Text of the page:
California recently required that coffee carry a cancer warning, but many experts dispute this decision.
A California judge has ruled that coffee shops statewide must post warning signs informing customers that the popular morning beverage has a cancer risk, and that has caused quite a bit of controversy. Los Angeles Superior Court Judge Elihu Berle ruled in favor of the Council for Education and Research on Toxics, an organization that claims that a chemical called acrylamide used in the roasting process for coffee beans creates a cancer risk.
Starbucks and Peet’s, two prominant coffee makers, just did not offer a convincing enough rebuttal to the nonprofit’s argument, the judge ruled.
“While plaintiff offered evidence that consumption of coffee increases the risk of harm to the fetus, to infants, to children and to adults, defendants’ medical and epidemiology experts testified that they had no opinion on causation,” Berle wrote, according to the Washington Post. “Defendants failed to satisfy their burden of proving by a preponderance of evidence that consumption of coffee confers a benefit to human health.”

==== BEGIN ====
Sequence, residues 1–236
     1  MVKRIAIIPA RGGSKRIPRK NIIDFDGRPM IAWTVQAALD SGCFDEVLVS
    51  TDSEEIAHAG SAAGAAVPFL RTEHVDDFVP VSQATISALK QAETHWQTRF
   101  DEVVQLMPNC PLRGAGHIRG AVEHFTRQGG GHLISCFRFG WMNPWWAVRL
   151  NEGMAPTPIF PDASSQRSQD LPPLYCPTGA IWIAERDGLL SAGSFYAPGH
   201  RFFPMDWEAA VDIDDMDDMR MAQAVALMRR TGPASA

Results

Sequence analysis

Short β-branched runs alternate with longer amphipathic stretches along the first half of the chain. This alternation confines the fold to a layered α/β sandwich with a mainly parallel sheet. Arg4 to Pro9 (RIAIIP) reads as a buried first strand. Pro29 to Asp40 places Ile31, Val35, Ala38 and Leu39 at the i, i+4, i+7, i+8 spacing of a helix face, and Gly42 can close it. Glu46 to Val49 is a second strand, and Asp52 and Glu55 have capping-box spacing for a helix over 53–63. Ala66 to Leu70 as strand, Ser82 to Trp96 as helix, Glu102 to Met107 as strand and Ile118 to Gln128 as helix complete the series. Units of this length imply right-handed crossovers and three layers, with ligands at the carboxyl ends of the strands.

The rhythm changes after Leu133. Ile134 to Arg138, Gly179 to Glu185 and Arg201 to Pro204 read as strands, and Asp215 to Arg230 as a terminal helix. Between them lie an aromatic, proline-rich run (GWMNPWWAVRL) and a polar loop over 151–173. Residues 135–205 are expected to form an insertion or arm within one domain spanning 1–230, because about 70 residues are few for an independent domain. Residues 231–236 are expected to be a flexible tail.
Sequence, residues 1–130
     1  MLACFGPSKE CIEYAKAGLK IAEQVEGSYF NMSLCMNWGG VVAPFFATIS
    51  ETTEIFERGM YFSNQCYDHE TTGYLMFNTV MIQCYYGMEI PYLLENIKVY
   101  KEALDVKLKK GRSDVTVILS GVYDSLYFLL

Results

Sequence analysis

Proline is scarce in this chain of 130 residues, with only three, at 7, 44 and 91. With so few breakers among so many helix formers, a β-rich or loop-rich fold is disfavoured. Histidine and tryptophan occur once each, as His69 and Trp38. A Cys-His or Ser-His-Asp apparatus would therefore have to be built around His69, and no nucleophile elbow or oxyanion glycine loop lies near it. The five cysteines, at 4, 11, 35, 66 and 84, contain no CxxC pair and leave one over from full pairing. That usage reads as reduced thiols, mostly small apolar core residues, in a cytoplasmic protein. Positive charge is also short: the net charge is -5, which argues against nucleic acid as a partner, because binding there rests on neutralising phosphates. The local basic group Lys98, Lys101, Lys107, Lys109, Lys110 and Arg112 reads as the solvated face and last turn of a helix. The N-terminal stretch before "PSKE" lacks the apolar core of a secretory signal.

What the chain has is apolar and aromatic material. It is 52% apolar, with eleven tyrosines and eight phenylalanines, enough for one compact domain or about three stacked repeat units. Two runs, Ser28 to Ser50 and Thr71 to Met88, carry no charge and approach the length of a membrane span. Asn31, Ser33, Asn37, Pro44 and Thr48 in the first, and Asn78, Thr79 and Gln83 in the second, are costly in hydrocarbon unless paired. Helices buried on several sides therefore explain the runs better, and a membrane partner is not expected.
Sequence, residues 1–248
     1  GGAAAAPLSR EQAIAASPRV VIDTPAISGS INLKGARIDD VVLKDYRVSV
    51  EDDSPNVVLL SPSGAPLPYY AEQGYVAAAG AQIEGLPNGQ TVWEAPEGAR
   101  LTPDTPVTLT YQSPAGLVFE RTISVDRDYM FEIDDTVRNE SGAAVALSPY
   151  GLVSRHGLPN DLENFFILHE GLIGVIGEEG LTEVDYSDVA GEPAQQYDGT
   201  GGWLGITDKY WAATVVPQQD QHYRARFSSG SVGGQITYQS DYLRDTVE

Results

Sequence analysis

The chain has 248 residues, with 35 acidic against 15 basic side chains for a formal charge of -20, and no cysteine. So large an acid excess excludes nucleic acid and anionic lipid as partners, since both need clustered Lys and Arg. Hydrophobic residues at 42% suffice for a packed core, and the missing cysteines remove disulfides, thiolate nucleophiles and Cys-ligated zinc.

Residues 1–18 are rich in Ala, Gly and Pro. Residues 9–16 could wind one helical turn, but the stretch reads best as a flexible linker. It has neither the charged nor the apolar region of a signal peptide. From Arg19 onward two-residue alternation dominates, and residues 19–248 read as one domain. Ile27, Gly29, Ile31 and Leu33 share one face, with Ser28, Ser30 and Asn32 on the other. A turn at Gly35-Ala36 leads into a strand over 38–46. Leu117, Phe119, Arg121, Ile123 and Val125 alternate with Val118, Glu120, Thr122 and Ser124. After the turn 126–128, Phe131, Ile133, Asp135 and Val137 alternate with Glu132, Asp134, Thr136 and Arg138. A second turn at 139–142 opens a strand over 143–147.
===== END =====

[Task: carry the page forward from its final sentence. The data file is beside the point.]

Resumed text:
It could be a hugely negative ruling for the coffee industry, as the nonprofit has asked coffee companies to pay finds of up to $2,500 for every person who has been exposed to acrylamide over the last 16 years.
But many experts say the decision is flawed. While acrylamide certainly can be detected in foods that are roasted – which includes not just coffee but potatoes, bread, and other food products – they are in such tiny traces that they are not a significant risk of cancer. The World Health Organization and American Cancer Society also agree that acrylamide is not a risk, although they acknowledge more research is needed.